From the Legislature: Ranked-choice voting – a straightforward election reform

Lincoln County News

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How simple and straightforward is ranked-choice voting, Question 5 on the November ballot?

The complete legislation to enact it, which includes detailed definitions and processes and legal jargon, is two pages in length. That’s short. In fact, it’s so short that it was printed in its entirety on each petition page, so voters were able to read it before signing their names to place it on the ballot.

Read the bill language for yourself at rcvmaine.com/bill.

Some of my colleagues in the Maine Legislature and Gov. LePage are attempting to convince voters that ranked-choice voting is cumbersome. In truth, ranked-choice voting presents the most cost-effective and efficient way to conduct runoffs, which are necessary to restore majority rule when no candidate receives an outright majority. Ranked-choice voting works just like actual runoffs without the cost and delay. In each round of tabulation, the candidate with the least votes is eliminated and your vote counts for the candidate you ranked highest among those competing, as it should be.

Some of these opponents have suggested that we should adopt actual runoff elections as an alternative to ranked-choice voting.

Let’s be clear: actual runoff elections are the most expensive way to conduct runoffs. They extend the campaign season and delay results by four more weeks.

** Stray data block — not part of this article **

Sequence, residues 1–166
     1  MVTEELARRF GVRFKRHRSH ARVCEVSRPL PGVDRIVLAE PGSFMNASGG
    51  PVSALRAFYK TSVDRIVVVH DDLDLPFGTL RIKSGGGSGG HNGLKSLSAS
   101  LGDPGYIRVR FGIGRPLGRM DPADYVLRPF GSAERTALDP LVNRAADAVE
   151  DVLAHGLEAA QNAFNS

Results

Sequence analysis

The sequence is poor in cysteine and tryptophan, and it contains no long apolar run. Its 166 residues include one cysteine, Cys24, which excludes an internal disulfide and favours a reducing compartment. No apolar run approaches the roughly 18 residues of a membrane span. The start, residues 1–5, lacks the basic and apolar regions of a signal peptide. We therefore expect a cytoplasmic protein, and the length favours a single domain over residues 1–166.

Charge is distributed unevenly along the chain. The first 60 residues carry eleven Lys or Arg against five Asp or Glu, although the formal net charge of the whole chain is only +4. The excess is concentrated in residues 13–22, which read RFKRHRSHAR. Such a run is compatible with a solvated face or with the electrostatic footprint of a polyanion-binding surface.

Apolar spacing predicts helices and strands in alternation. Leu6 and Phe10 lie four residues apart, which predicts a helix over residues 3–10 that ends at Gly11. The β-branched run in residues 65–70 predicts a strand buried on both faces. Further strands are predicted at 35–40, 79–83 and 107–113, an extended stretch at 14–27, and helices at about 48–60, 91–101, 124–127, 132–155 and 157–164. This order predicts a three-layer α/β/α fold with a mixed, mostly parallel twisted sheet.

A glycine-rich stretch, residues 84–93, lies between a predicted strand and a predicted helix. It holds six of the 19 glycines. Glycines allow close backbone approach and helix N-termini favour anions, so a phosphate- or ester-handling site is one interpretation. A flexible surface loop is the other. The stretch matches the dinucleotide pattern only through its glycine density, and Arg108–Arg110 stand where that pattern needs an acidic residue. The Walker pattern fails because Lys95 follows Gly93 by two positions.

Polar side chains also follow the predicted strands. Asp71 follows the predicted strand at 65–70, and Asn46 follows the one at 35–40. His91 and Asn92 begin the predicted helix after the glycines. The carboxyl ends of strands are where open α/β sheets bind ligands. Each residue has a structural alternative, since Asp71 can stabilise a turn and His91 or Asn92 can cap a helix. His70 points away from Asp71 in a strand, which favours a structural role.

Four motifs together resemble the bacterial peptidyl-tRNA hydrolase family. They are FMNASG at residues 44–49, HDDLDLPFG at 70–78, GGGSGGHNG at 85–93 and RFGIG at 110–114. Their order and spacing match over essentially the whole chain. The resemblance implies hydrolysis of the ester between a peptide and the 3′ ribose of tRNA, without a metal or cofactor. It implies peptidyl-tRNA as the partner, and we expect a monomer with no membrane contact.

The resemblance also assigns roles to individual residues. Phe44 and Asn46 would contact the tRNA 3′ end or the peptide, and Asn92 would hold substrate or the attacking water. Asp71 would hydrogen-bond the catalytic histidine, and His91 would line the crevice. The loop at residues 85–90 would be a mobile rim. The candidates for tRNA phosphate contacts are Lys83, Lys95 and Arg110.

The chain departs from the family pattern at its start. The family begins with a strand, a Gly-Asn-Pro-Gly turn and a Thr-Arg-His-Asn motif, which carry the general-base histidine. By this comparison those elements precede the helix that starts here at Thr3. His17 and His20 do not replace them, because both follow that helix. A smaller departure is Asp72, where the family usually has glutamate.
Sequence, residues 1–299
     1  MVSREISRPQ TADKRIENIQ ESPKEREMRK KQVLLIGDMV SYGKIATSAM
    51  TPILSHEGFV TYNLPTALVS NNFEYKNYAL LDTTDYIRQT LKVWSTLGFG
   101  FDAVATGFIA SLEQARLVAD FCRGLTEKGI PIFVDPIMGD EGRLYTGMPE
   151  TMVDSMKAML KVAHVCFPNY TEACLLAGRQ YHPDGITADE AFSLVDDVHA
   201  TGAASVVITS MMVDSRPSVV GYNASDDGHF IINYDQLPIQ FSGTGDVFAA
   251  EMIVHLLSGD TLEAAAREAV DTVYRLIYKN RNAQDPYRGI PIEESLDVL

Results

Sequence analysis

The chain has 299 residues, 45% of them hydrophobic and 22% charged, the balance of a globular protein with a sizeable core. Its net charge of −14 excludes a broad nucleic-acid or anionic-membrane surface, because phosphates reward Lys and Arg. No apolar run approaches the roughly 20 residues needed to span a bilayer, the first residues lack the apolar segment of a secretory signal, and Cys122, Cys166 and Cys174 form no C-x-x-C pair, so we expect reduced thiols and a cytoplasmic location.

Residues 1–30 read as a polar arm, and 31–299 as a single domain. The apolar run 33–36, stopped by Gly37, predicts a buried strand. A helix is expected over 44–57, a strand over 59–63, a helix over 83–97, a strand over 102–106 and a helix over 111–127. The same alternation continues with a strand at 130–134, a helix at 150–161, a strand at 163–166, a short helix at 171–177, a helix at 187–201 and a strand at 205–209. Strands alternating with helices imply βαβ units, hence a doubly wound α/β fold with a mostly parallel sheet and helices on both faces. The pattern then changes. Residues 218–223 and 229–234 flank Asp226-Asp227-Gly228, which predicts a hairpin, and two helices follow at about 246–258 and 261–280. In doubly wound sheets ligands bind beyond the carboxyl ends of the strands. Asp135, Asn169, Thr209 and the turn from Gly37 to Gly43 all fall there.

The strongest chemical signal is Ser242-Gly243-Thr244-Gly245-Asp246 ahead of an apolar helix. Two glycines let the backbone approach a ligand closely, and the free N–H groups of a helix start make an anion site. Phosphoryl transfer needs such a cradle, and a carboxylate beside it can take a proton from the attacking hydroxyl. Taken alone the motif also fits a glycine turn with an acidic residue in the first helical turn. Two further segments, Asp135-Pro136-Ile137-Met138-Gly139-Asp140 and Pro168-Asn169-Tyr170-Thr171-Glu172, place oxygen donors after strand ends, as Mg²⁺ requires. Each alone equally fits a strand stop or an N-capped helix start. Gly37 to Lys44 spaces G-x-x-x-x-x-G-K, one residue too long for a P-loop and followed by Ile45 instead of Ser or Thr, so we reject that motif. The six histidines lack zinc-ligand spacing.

�They result in an average 35 percent decline in voter participation. Actual runoff elections also disenfranchise absentee and overseas voters, including the men and women of the U.S. armed forces who are stationed abroad.

Only ranked-choice voting allows absentee and overseas voters to fully participate in runoffs. Only ranked-choice voting eliminates the “spoiler effect” in elections and gives voters the freedom to vote for their favorite candidate without worrying that they will help to elect their least favorite candidate – to vote your hopes, not your fears.

Every municipality still counts ballots on election night to determine voters’ first-choice rankings. If that doesn’t result in a majority winner, then ballots are tabulated in rounds until a majority winner emerges. This process is modeled after the recount process. Watch a 45-second video that explains how ranked-choice voting works and why it matters at rcvmaine.com/ivnvideo.

Share this video with friends and tell them to vote “yes” on Question 5 this November to restore majority rule, eliminate the “spoiler effect,” and give voters more choice and more voice in our democracy.

(Sen. Chris Johnson, D-Somerville, represents all of Lincoln County except Dresden, plus Washington and Windsor.)

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